There is no reason, in 2018, not to make a video game.
The kids and I made their mom a pretty awesome Christmas present that I haven’t taken the time to tell you about until now. It turns out that it’s a story that’s longer in the making than I realized.
Some years back I made a bold claim, as I’m known to do from time to time. It was made on this blog, publicly, in an attempt to keep myself honest.
2012 is the year I make a video game… to challenge myself, to put something together in a medium that will tax my writing and artistic abilities, my direction and my ability to create something complete.
Well, 2012 wasn’t the year I made a game. Neither was 2013. Neither were the three years after that. It wasn’t a total loss, as the general concept for the 2012 adventure game eventually became my novel The Amundsen Effect, four years later.
But then, totally unexpectedly, five years later, 2017 became the year I made a video game.
The RPG Maker software has been around in various forms for two decades, and innumerable games have been built using its tools. Those who played classic Final Fantasy games and other JRPGs know the style of game well – top-down open-world adventures, starring a party of characters who level up as you progress through the (usually epic) story. Back in October 2017, Humble Bundle sold a bunch of RPG Maker stuff for pennies, and I and nearly 47 000 others picked up one or more versions of the software, some asset packs, and a handful of games. And as we approached the holidays, I had a silly idea. And so I broached it with the kids: What if we made your mama a game?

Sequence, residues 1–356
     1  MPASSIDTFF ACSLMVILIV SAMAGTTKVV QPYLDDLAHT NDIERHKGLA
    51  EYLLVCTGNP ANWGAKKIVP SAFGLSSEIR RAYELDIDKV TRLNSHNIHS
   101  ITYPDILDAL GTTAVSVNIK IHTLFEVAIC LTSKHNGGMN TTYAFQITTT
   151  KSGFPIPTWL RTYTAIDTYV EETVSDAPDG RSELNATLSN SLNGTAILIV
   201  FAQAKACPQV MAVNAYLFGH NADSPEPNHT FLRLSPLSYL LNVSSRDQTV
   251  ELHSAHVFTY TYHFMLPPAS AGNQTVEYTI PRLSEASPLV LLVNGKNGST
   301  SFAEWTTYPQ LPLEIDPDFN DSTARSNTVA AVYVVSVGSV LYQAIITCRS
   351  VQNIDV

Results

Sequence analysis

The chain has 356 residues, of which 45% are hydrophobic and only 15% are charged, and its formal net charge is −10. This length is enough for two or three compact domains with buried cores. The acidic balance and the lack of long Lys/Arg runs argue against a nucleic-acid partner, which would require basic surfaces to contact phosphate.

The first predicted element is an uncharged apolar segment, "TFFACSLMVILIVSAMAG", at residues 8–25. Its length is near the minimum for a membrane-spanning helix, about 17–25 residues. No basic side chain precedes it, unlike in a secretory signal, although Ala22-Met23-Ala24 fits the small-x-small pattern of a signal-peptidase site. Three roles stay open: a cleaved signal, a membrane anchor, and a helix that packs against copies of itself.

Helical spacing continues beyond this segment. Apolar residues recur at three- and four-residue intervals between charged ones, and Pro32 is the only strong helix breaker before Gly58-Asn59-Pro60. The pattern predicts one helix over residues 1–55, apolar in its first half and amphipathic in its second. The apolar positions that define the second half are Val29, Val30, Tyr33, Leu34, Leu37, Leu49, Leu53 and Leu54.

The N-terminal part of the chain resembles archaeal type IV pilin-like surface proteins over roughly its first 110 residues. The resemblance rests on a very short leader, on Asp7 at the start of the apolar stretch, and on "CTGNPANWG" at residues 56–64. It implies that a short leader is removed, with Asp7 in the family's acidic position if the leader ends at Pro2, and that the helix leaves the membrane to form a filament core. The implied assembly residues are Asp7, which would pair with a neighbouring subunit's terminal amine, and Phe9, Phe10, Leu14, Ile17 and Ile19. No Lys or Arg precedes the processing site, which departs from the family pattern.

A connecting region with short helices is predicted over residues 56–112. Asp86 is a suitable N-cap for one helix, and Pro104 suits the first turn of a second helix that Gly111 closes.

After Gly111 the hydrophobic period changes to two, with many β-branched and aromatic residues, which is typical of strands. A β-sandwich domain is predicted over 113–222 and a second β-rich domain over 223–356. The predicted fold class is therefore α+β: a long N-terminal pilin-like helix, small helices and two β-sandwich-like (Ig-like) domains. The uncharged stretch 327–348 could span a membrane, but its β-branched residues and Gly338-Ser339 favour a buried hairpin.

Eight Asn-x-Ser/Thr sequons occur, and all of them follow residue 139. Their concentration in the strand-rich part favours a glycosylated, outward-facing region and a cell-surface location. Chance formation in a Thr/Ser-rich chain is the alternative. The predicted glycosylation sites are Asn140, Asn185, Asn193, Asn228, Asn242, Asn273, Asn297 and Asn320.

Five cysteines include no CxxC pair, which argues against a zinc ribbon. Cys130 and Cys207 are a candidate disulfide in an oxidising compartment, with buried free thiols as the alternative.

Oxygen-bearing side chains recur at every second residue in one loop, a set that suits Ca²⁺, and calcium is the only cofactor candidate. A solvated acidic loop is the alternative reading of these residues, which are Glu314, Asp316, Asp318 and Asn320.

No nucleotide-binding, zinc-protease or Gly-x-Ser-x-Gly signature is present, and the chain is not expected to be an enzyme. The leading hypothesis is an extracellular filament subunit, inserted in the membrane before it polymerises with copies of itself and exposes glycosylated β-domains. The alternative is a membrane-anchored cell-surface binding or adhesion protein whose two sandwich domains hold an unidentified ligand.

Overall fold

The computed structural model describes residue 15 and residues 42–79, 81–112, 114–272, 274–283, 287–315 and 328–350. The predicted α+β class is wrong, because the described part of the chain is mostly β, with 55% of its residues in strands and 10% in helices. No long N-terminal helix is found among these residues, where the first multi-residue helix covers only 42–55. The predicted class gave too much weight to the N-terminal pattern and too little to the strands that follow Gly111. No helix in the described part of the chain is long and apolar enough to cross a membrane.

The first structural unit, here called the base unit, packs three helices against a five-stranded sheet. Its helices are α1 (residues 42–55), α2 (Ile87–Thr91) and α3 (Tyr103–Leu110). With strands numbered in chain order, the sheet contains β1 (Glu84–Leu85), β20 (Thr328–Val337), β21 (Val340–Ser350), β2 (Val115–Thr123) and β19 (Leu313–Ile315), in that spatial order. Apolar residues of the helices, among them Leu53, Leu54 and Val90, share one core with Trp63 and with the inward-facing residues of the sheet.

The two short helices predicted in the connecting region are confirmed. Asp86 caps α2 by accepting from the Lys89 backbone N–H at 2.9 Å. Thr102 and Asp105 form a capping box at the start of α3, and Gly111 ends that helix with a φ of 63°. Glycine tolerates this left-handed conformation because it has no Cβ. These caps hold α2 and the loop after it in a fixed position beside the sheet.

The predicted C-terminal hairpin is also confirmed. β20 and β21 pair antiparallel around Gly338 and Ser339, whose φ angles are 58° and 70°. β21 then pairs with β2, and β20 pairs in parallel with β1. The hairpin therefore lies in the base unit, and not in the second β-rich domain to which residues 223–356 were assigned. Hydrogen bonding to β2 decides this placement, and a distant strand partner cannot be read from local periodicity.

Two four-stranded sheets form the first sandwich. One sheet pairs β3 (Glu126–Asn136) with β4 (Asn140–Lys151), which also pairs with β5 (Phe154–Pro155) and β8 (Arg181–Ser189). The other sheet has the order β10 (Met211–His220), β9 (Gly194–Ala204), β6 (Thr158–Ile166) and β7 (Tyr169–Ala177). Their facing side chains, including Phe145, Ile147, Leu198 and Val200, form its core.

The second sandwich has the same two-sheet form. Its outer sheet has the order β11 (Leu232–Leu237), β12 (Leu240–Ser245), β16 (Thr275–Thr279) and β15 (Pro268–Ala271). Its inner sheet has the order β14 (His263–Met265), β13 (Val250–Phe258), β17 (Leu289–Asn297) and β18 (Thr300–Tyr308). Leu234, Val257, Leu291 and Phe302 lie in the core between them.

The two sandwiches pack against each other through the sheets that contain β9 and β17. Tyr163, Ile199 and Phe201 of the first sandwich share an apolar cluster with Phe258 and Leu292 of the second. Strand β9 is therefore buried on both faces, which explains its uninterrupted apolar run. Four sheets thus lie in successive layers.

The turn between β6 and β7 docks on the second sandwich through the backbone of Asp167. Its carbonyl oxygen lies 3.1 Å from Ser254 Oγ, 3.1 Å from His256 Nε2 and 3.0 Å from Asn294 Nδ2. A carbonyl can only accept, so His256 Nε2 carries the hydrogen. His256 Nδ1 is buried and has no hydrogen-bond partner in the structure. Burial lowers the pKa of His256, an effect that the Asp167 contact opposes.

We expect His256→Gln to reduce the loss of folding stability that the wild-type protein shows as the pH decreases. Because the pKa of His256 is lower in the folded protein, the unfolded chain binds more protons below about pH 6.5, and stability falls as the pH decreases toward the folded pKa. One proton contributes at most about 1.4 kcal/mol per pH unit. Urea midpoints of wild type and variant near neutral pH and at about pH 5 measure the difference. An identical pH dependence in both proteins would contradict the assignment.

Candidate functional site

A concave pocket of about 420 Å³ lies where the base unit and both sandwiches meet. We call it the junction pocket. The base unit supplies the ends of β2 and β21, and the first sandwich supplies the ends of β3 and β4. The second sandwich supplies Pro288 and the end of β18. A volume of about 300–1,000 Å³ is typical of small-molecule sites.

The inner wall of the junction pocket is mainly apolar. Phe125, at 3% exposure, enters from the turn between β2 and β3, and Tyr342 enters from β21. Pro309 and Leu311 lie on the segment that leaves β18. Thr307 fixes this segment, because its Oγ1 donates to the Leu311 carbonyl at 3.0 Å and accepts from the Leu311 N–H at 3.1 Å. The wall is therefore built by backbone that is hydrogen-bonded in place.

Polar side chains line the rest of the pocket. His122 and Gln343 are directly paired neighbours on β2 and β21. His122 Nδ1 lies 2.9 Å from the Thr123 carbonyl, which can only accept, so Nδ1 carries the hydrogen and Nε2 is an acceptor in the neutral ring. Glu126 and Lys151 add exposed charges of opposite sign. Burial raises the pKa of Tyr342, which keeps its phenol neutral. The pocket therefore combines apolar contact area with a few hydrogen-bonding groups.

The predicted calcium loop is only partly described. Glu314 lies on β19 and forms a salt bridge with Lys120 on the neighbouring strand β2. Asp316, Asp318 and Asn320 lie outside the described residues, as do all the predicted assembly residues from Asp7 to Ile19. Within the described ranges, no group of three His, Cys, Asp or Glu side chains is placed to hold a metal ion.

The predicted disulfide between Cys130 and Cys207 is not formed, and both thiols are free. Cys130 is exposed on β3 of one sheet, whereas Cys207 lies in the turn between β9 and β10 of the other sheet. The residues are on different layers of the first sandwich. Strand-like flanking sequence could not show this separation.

Pretty much every holiday, as we spend some time with her family, NJ reminisces about how she and her dad would play the original Legend of Zelda on the NES. She has a lot of fond memories of working out the puzzles as her dad controlled the action. It wasn’t a JRPG, exactly, not in the style that RPG Maker lends it to, but it was close. And so the kids and I hunkered down and outlined a short game, which ended up with the title Mama vs. the Monsters.
It was a ridiculous thing, half video-game and half scavenger hunt. She’d have to solve puzzles in the game, follow clues in the real world, and use the solutions and clues in both the real world and the virtual one to beat the game. Monsters had taken over the house, and NJ would have to reassemble the scattered family to defeat the monsters and their boss and save Christmas.
It meant a lot of late nights (both for me and the kids) as we built environments, wrote dialogue and descriptive text, tweaked combat difficulty, and tested the game. But when we finally revealed it, NJ enjoyed solving the puzzles and was struck by how personalized it was. “And,” she said, when I asked her about it for this piece, “honestly, it was nice having a game in this style that I could actually sit down and beat” – the hour-long experience didn’t overstay its welcome. The kids were thrilled to unveil our project, and were so excited they could barely keep from spoiling the puzzles.
And on my end, not only had I seen those three faces light up as they played, but five years since declaring I would I had suddenly actually made a video game. Not dabbled with the tools, not sketched out a design doc – made an honest-to-goodness game, start to finish.
Look, there are so many non-programmer-friendly tools out there – whether it’s RPG Maker, Adventure Game Studio, Construct, Game Maker, whatever – that there’s no reason to not make a video game. If you want to learn to code and need a game engine, Unity and Unreal are both free. There’s a Humble Bundle which, at time of writing, has a couple of days left on a deal to get coding books for as little as a buck. There’s no reason to not make a video game.
In the interest of our mission here to encourage and promote project-based learning, there were some lessons learned about our project, so instead of just telling the story, we want to leave you with some of the things that worked well for us as we started making our game.